Recently, a spate of bad news on the “green economy” front has led former advocates of the idea to some soul searching. The bankruptcy of Solyndra; the lack of sales of the GM Volt; the withering of wind and solar power installations as subsidies dry up … suddenly, former green job boosters are having an epiphany:
Over at the New York Times, David Brooks writes:
A few years ago, it seemed as though the Green Economy could be a big part of the answer.
New clean-energy sources could address environmental, economic and national security problems all at once. In his 2008 convention speech, Barack Obama promised to create five million green economy jobs. The U.S. Conference of Mayors estimated in April 2009 that green jobs could account for 10 percent of new job growth over the next 30 years.
Alas, it was not to be. The gigantic public investments in green energy may be stimulating innovation and helping the environment. But they are not evidence that the government knows how to create private-sector jobs.
This should have come as a surprise to absolutely nobody, since the fundamental fallacies of the whole “green economy” myth have been known for over 150 years. The entire idea is simply a form of magical thinking:
Governments don’t have money: They can only create jobs by taking job-creating money out of the another part of the economy. Government “job creation programs” destroy jobs on net, they don’t create them.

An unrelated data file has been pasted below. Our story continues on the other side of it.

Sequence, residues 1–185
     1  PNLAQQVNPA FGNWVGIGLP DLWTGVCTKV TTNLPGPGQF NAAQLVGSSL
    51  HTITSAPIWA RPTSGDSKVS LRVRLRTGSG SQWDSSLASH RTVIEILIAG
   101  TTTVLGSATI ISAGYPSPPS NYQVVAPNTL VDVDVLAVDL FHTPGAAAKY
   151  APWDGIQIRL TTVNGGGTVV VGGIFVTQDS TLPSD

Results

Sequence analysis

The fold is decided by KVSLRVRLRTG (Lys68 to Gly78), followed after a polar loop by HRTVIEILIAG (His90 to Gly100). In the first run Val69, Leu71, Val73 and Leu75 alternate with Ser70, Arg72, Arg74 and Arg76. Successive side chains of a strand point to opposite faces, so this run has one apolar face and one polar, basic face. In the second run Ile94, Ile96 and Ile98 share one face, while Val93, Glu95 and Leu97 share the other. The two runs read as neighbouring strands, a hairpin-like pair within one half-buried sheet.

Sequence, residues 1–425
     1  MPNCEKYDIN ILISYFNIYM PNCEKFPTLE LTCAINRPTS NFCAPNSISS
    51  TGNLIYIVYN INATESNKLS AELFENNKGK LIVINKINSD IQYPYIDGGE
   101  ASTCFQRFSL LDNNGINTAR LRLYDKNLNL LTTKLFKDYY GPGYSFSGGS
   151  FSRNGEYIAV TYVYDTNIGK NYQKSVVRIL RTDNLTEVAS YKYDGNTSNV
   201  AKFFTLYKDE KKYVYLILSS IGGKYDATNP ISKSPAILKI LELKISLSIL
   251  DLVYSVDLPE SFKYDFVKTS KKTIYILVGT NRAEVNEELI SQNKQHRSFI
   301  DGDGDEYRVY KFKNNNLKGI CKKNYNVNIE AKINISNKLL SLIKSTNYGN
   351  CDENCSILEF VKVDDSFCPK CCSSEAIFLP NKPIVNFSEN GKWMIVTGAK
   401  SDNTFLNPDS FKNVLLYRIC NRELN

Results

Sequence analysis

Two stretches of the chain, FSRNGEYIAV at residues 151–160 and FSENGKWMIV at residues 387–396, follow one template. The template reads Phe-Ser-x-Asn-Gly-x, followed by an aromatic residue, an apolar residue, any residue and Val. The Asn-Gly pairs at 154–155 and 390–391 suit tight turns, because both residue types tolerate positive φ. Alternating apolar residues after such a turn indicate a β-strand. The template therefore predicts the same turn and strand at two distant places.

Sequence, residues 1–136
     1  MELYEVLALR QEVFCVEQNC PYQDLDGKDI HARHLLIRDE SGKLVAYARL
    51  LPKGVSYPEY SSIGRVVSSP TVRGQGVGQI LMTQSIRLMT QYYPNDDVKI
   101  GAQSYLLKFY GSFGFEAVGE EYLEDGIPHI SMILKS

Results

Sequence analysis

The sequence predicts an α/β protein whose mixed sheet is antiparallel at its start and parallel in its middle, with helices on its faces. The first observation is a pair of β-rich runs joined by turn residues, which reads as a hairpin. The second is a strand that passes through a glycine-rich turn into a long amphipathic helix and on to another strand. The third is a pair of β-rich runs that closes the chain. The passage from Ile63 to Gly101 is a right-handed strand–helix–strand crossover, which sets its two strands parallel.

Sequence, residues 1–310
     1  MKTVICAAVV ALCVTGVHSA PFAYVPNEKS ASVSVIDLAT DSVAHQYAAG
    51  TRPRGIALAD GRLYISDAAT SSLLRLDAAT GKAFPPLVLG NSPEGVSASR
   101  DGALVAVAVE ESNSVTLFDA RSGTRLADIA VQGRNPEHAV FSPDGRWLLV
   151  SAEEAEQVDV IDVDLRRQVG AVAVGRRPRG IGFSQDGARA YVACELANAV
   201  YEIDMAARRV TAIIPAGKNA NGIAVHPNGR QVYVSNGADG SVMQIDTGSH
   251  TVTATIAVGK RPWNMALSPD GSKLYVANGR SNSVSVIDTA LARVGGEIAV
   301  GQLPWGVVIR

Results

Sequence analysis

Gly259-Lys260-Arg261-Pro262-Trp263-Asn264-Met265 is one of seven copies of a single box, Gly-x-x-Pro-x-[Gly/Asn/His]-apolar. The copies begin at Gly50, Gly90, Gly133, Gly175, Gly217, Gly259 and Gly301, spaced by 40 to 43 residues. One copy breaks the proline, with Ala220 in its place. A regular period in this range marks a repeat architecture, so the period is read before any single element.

Governments can’t predict the future: They have zero knowledge about what technologies will work, will find a willing market, and will create jobs.
Governments suck at picking winning technologies: With no market restraints on reckless gambling, planners simply pick whatever technology that they happen to love, and bet taxpayer money on spreading it. Sure, every so often, the planner gets lucky, but more often, they make bad bets and simply hide the losses and the negative side-effects.
As much as I love my name, calling something “green” won’t magically turn a dog into a pony: The “technologies” repackaged as “green” are serial failures in the world’s free-enterprise economies. Wind power; solar power; battery cars; fluorescent lighting; super-efficient (and super-expensive) cars, homes, appliances; smart grids that let regulators control your water heater; mass transit; forced high density living; all these supposedly “green ideas” have failed dozens upon dozens of times. The only mystery left is why people are pretending to be surprised.
In the ideal world, this latest stupendous failure of the push for a planned-energy economy will be the end of the matter, and governments will embrace a free-enterprise energy economy. Of course, we don’t live in that world. Instead, watch for the re-branding, where “green” becomes “clean,” and the same failed ideas are offered up as the new panacea.